Steve Bannon, Mark Meadows Among Trump Advisers Subpoenaed by 1/6 House Committee

The House Select Committee to Investigate the January 6th Attack on the U.S. Capitol issued subpoenas to four ex-advisers of former President Donald Trump on Thursday.

The subpoenas seek testimony and documents on activities during the days leading up to January 6. Subpoenas were issued to former Trump adviser Steve Bannon, former White House Chief of Staff Mark Meadows, former White House Deputy Chief of Staff for Communications Dan Scavino and Kash Patel, a former Department of Defense official.

"The Committee is investigating the facts, circumstances, and causes of the January 6th attack and issues relating to the peaceful transfer of power, to identify and evaluate lessons learned and to recommend corrective laws, policies, procedures rules, or regulations," committee Chairman Rep. Bennie Thompson (D-Miss.) said in a statement.

1/6 House Committee Subpoenas Bannon Meadows Scavino
The House Select Committee to Investigate the January 6th Attack issued subpoenas to former Trump administration officials Steve Bannon, Mark Meadows, Dan Scavino and Kash Patel on Thursday. Bannon is pictured after being indicted on fraud charges in New York City on August 20, 2020. Stephanie Keith/Getty

Bannon communicated with Trump on December 30 and urged him to "focus his efforts on January 6th,' according to reports cited by the committee. He also reportedly said that "[a]ll hell is going to break loose tomorrow" one day before the riot took place. A letter from Thompson to Bannon said that lawmakers "have reason to believe that you have information relevant to understanding important activities that lead to and informed the events at the Capitol."

Thompson wrote to Meadows that the committee's investigation had "revealed credible evidence of your involvement in events" related to the insurrection, noting that Meadows was "with or in the vicinity" of Trump on January 6 and had discussed the events of the day with the former president. The letter also noted Meadows' role in efforts to overturn the 2020 election results and his communications with organizers of the rally that immediately preceded the attack.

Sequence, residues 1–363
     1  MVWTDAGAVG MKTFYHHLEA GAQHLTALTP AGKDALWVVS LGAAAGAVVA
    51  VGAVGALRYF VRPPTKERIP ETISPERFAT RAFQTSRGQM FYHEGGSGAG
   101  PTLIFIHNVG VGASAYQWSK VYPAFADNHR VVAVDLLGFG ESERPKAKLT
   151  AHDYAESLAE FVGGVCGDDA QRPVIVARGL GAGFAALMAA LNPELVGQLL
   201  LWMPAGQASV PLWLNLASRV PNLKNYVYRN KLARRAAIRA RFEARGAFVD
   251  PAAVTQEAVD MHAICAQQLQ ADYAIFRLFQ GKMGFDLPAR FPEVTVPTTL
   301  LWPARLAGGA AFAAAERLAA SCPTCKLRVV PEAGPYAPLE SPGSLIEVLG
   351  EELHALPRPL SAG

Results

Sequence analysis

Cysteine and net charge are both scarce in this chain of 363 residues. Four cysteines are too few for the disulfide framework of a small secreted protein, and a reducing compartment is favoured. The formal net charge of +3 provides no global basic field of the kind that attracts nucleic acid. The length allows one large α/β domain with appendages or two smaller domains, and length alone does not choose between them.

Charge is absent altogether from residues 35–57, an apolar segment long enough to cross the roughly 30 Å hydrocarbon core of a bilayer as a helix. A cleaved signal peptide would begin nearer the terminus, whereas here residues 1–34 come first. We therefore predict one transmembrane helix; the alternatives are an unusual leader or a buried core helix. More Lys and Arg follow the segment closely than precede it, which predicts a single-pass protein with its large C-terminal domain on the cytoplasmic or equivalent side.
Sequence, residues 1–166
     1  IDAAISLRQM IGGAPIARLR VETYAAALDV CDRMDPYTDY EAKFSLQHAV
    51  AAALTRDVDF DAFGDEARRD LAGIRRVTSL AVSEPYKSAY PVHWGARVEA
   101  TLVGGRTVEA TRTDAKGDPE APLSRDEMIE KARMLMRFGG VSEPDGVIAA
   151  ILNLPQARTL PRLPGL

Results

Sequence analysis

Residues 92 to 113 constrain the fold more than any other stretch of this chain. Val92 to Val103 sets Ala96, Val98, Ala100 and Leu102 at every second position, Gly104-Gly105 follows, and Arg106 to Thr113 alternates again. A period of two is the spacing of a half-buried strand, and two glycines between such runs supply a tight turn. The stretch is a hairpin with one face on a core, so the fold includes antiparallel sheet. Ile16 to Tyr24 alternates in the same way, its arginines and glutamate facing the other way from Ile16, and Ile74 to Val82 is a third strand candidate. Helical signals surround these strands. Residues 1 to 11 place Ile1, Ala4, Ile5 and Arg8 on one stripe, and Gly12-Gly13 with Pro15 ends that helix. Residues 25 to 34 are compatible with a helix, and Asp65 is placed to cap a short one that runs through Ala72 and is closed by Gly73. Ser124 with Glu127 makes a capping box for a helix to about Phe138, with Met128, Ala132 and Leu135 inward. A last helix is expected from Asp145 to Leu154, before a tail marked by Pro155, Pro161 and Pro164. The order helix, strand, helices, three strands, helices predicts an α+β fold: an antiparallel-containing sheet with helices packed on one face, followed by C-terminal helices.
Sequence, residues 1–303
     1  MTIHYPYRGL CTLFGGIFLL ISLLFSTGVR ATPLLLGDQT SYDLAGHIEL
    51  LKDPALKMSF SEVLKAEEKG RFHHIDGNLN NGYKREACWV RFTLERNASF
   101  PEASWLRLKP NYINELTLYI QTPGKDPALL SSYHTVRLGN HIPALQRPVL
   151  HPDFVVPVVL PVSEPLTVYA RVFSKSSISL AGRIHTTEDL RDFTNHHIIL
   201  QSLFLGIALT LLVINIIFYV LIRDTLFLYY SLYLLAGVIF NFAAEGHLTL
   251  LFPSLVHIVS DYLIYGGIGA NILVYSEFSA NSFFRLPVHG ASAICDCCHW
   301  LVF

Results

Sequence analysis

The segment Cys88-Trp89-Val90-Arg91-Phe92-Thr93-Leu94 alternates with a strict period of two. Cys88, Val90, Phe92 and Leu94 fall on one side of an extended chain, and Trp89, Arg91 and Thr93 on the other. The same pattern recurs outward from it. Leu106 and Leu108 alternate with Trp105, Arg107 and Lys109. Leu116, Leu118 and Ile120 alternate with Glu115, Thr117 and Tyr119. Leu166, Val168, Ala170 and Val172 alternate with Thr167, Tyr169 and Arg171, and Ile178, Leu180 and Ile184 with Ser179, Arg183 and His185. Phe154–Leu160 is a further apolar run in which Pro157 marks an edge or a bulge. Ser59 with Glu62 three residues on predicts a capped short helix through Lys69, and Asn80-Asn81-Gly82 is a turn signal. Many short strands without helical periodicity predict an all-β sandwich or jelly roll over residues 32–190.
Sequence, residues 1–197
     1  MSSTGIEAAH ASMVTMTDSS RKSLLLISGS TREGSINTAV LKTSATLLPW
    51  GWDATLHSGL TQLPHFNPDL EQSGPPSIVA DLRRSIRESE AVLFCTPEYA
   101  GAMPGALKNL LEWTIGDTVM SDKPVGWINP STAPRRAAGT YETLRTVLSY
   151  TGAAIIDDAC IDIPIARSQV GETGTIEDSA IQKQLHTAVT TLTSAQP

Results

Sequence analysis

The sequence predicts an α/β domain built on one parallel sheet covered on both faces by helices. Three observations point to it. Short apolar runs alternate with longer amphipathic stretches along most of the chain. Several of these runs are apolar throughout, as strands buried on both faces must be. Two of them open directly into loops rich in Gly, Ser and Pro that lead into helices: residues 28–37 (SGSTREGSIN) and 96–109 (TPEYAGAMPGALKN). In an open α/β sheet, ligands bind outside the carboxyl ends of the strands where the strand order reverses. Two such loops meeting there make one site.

Scavino was sent a letter informing him that the committee "has reason to believe that you have knowledge regarding the communications strategy of the former President and his supporters leading up to the events on January 6." Scavino was told that it "appears that you were with or in the vicinity of former President Trump on January 6, and are a witness regarding his activities that day" and that he "may have materials relevant to his videotaping and tweeting messages on January 6."

Patel, who was serving as chief of staff to former acting Secretary of Defense Christopher Miller at the time of the attack, was told that the committee had "substantial reason" to believe that he has "additional documents and information" outlining the Department of Defense's role in preparing for and responding to January 6. Thompson also wrote that Patel had "personal involvement in planning" for "the peaceful transfer of power."

"I am disappointed, but not surprised, that the Committee tried to subpoena me through the press and violated longstanding protocol—which I upheld as a congressional staffer—by resorting to compulsory process before seeking my voluntary cooperation," Patel said in a statement obtained by Newsweek. "I will continue to tell the truth to the American people about the events of January 6th."

All four men were given until October 7 to produce documents sought by the subpoenas. Bannon and Patel were told to appear for a deposition on October 14, while Meadows and Scavino were given deposition dates of October 15.

Newsweek reached out to the office of Trump for comment.

Update (9/24, 4:08 p.m.): This article has been updated to include a statement from Kash Patel.